Most of my life I have been a forest boy. On my mother’s wildlife sanctuary in eastern Zimbabwe I ran barefoot through squishy bogs sheltered by massive albizias and cussonias and figs; every year I return there to climb my favourite strangler-fig bridge. I was early made aware of the complex ecosystem that prevailed there – from the moths to the bats, from the somango monkeys to the mongooses, from the snails to the eagles. I learned to evaluate these interconnections for their place in the system, not for their human use. My mother would point out a fallen Rhoicissus fruit, bitten once by a monkey and discarded.
“People say, ‘Look how wasteful they are’, and hate monkeys for it. But look at what’s happening to the fruit. Some of the seeds have been ingested by the somango, to be defecated – planted – further off. A bushbuck has come along and nibbled a bit more of it; they’d never get this food without the monkeys. Nor would these tiny fruit-flies, which are food for someone else; nor would these chongololos. As it rots, it adds unique nutrition to this forest soil. What’s wasted?? Nothing!”
And we’d lift handfuls of that clean, black, fragrant, light, leafy soil to our nostrils: there is no other smell quite like it. It’s very light, almost airy; even the biggest trees that come down are mostly light, rotting quickly, recycling into new growth quickly. Cut away that growth, remove the perpetual leaf-fall and the perennial mist that aids decay, or the bushpig- and hornbill-droppings that enrich, and this soil runs out of nutrients in two seasons.
Humans have been confronted with this lesson for thousands of years, but have apparently not learned it.
The hillsides enclosing the Mediterranean were once heavily forested – but as Pliny described the environs of Athens in the Critias in the fourth century BC:
In comparison of what then was, there are remaining only the bones of the wasted body ... all the richer and softer parts of the soil having fallen away, and the mere skeleton of the land being left. But in the primitive state of the country, its high mountains were high hills covered with soil ... and there was abundance of wood in the mountains.
Where did the wood all go? To make ships for Athenian navies. This did not change down the centuries. In his wonderful book, The Cabaret of Plants: Botany and the imagination (2016), British nature-writer Richard Mabey notes how English oak forests were decimated to make English warships. Similarly, in Landscape & Memory (1995), Simon Schama, whose Polish-Jewish great-grandfather was a lumberman, chronicles how, as Poland was successively occupied by German and Russian invaders in the nineteenth and twentieth centuries, the Bialowieza forests were plundered on a massive scale: in the years of the First World War alone, 5 percent vanished, 5 million cubic metres of wood shipped to Germany, and no small proportion reduced to “walls of fire” by heavy artillery.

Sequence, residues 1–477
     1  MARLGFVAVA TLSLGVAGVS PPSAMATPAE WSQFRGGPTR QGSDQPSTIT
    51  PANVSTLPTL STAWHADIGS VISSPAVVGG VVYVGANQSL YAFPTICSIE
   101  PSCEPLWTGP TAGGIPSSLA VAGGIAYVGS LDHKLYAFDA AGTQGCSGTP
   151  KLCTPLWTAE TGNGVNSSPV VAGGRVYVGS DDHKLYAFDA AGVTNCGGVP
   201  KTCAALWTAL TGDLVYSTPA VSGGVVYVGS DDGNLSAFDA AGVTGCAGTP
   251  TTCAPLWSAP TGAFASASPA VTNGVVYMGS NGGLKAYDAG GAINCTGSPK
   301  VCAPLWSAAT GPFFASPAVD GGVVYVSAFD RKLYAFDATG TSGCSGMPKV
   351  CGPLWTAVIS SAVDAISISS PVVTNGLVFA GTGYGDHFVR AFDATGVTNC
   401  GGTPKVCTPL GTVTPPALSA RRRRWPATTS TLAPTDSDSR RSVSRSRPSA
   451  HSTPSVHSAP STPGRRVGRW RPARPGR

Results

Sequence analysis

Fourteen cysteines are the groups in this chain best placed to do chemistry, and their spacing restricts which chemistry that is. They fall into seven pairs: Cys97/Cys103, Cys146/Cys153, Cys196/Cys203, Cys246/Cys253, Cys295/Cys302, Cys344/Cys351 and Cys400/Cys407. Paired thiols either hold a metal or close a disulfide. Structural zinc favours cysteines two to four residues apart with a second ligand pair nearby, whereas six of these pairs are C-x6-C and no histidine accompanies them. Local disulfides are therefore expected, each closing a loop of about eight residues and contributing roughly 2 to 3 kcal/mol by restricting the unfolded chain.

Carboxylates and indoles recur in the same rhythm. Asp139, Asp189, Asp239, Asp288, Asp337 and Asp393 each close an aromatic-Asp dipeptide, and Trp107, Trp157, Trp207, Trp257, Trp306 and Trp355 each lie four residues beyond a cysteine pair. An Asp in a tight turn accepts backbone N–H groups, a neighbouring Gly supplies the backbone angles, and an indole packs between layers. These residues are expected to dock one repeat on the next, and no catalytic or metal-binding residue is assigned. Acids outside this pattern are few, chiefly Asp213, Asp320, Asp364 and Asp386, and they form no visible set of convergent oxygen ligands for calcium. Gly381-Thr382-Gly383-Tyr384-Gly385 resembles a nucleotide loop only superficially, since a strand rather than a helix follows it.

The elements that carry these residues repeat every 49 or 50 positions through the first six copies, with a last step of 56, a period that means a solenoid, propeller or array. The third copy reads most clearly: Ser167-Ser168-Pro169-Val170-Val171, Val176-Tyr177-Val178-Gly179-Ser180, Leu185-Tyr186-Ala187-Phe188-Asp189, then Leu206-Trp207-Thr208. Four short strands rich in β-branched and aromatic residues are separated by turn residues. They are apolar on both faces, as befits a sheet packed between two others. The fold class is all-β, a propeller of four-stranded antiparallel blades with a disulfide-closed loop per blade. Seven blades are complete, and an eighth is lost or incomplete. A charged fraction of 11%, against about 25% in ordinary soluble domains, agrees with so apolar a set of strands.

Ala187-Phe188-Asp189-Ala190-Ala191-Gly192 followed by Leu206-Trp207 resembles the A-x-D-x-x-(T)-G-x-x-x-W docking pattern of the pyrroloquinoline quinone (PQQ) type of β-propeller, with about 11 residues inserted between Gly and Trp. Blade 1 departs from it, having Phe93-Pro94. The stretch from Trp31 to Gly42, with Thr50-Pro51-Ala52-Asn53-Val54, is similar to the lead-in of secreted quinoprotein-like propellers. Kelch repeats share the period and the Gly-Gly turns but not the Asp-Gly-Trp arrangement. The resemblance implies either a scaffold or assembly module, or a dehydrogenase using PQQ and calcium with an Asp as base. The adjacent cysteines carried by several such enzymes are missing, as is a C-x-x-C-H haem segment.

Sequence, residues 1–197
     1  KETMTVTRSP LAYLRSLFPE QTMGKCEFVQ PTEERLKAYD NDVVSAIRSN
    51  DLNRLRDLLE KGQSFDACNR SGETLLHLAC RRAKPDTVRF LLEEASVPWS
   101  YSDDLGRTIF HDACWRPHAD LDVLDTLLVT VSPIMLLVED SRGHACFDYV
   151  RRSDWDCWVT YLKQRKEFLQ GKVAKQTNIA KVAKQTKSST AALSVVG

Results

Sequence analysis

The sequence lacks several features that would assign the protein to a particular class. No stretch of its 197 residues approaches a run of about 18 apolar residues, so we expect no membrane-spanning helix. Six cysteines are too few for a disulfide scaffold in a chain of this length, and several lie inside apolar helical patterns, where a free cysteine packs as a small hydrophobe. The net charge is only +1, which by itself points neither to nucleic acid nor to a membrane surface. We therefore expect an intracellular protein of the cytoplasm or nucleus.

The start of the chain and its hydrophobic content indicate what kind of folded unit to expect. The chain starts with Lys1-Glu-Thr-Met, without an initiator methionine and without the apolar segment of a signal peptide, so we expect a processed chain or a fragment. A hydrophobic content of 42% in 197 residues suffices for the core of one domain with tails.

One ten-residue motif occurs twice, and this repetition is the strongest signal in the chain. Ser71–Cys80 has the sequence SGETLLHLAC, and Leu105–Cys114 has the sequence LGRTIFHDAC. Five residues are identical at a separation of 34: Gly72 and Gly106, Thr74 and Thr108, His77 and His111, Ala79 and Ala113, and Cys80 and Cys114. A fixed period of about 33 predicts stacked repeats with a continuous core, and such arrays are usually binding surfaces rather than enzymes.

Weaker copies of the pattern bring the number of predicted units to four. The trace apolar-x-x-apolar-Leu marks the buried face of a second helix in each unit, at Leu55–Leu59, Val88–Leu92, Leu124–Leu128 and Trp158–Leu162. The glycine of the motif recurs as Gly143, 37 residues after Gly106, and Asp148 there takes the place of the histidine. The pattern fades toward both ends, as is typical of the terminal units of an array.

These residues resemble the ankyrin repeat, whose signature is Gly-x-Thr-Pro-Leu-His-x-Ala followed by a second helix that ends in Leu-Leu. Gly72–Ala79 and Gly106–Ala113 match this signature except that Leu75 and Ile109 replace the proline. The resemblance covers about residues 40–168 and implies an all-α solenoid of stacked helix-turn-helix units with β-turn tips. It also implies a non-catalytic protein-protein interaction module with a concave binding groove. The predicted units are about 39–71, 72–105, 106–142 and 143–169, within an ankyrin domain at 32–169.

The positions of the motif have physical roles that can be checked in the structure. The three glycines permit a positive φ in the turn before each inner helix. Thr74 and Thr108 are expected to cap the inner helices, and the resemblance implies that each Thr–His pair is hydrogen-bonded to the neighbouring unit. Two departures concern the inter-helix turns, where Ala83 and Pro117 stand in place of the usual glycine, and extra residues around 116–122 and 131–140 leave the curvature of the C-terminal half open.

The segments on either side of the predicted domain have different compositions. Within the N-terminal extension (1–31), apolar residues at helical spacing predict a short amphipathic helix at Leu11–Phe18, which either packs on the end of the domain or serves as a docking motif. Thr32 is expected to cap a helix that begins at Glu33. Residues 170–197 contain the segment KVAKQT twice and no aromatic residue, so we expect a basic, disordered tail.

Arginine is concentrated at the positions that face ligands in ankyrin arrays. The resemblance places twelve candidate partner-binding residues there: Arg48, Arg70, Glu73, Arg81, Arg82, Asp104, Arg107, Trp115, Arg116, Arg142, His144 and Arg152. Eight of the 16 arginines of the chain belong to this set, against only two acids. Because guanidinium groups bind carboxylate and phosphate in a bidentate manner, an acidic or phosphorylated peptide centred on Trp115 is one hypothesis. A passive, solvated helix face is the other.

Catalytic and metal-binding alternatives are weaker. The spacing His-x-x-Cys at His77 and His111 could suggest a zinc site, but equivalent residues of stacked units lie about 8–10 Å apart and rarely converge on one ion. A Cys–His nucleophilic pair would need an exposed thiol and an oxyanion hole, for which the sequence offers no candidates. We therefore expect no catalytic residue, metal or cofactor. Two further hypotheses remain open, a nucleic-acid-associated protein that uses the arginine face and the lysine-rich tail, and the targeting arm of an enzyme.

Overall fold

Manufacturing massed weapons of war is a long way from cutting clearings in forests for early human settlements, as Robert Pogue Harrison has related in my favourite of all forest-y books, Forests: The shadow of civilisation (1992). For millennia, Harrison shows, forest was what people carved civilisation out of, and therefore began to distance themselves from it. It was seen as dark, threatening, dangerous. But that’s only one side of it: forests have always simultaneously been resources, not just for wood, but for fruits, clothing materials, a pharmacopeia of balms, as well as the richest imaginable source of cultural imaginings: forest is epic and fecund with mystery, always has been, from Gilgamesh to the Brothers Grimm and beyond.
Having explored swathes of this extraordinary cultural landscape, Harrison concludes:
As the order of [human] institutions follows its course, or as huts give way to villages and then to cities and finally to cosmopolitan academies, the forests move further and further away from the centre of the clearings. At the centre one eventually forgets that one is dwelling in a clearing. The wider the circle of the clearing, the more the centre is nowhere ... The global problem of deforestation provokes unlikely reactions of concern these days among city dwellers, not only because of the enormity of the scale but also because in the depths of cultural memory forests remain the correlate of human transcendence. We call it the loss of nature, or the loss of wildlife habitat, or the loss of biodiversity, but underlying the ecological concern is perhaps a much deeper apprehension about the disappearance of boundaries...